Mean By Mistake? A Common Sense Media Panel Discussion

November 22, 2013
CATEGORIES Common Sense News

How do we raise caring kids in today’s digital world? On Thursday, Common Sense Media brought CEO Jim Steyer, Chelsea Clinton, Howard Gardner, and Emily Bazelon together in New York City to discuss how media and technology are affecting our children’s cognitive, social, and emotional development. All three panelists stressed the importance of quality conversations between kids and adults. “Kids don’t necessarily listen to what you are saying but they always notice what you do,” said Dr. Gardner. “If you are completely dependent on your apparatus or if you don’t make eye contact, that’s a clear communication of your values.”

Bazelon, too, brought up the power of connecting with kids and teens on their level – particularly when it comes to discussions about bullying and cruelty. “When I talked to audiences of kids, the first thing I ask is how many are sick of the word bullying. All of them raise their hands.” Bazelon pointed out the gray areas of online cruelty – such as drama -- which are often overlooked by adults and educators. “If it’s mean, intervene,” Bazelon said, “Even if you don’t know what all of the underlying power dynamics are.”

A recurring theme during the conversation was just how important quality, device-free family time is. Clinton recounted, “When my father ran for president in 1992, there were only three nights in 13 months when I was not with either one or both of my parents. It is hard for me to imagine not having grown up in the womb of family dinner. My parents gave me such a gift.”

At Common Sense Media, we have created materials to help families make conscious choices about their media and technology use and have created materials for educators who recognize the importance of teaching about these issues in ways that are engaging and meaningful.

We know that when messages about bullying are delivered in a didactic way, they can be a turn-off – just like every other “don't do” message. That’s why we’ve woven lessons into our K-12 Digital Literacy & Citizenship Curriculum that have kids explore what it means to be compassionate, accepting, and kind in an online world – from multiple angles. Why is it important to consider the tone of your texts and posts? What does online drama have to do with messages about drama on Reality TV? How do “haters” online target girls and boys differently?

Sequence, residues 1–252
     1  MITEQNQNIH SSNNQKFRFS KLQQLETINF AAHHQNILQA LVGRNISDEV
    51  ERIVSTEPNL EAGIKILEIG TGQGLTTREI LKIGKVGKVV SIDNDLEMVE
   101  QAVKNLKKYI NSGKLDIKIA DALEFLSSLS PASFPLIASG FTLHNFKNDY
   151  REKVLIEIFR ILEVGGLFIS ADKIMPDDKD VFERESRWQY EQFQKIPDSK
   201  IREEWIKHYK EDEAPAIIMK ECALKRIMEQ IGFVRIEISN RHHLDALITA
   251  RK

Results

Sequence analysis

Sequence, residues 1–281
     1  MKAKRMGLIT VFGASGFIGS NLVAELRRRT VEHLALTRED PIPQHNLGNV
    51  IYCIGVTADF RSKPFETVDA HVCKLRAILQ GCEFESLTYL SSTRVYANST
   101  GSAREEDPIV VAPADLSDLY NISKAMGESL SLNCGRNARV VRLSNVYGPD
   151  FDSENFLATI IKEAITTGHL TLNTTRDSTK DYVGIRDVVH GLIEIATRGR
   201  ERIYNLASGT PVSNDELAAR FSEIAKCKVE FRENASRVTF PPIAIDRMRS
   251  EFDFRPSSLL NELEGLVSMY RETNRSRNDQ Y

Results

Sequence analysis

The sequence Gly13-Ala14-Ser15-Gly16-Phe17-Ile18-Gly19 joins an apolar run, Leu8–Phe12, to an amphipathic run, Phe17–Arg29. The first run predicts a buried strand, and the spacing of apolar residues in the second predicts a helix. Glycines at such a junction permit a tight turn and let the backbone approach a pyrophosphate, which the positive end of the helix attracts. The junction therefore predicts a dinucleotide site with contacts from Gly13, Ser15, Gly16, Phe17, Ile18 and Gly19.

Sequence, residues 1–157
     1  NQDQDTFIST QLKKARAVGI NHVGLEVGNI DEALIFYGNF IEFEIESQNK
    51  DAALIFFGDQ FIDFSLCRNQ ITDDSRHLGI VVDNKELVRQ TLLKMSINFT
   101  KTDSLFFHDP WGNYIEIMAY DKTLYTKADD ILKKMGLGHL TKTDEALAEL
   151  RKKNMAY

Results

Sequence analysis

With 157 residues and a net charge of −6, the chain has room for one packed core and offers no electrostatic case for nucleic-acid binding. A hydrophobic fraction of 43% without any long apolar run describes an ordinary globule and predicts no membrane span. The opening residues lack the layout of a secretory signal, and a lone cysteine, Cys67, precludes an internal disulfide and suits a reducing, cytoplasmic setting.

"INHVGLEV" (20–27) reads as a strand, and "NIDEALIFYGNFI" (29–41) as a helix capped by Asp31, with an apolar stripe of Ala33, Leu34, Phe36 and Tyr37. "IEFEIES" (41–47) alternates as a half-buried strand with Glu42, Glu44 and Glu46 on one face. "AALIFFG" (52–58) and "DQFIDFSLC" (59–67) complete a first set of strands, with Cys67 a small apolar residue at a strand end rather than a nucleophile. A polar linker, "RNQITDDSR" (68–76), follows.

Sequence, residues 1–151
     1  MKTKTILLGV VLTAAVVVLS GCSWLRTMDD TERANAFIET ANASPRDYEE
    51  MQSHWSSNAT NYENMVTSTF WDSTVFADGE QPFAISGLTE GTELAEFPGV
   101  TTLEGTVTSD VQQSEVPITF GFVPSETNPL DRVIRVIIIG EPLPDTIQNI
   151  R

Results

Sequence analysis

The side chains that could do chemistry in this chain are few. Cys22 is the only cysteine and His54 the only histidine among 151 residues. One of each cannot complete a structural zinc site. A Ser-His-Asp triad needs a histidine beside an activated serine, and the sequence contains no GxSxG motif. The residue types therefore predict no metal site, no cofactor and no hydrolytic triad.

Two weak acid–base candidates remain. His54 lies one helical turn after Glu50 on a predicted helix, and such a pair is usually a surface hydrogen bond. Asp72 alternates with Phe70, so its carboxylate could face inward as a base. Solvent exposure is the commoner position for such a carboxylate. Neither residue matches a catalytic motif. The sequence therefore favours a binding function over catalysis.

The norms that you and your students create around empathy and kindness – online and offline -- will last them a lifetime. Meet them where they are at by diving into a few of our lessons:


For Elementary School Teachers

Students explore the concept of tone and compare and contrast what it is like to communicate face to face versus online.


Students watch and discuss a video of a little girl questioning why companies market boys’ an girls’ toys differently. They then compare and contrast gender stereotypes in two LEGO online activity zones.


For Middle School Teachers

Students compare and contrast two videos – one featuring a candid discussion between middle school students about online drama and the other featuring clips from The Real Housewives reality TV series.


Students analyze bulling behaviors that “cross the line,” adopt the point of view of teens who have been cyberbullied, and offer solutions.


For High School Teachers

Students analyze the journeys of real “Web celebs,” including some of the harsh comments they’ve received online, and recognize how these comments may affect other viewers as well as their targets.


Students explore school-wide solutions for addressing hate speech by role-playing a student mediation committee and create guidelines for online and offline communities.


You can find these lessons and more in our Gender & Digital Life Toolkit, Cyberbullying Toolkit, and curriculum Scope & Sequence.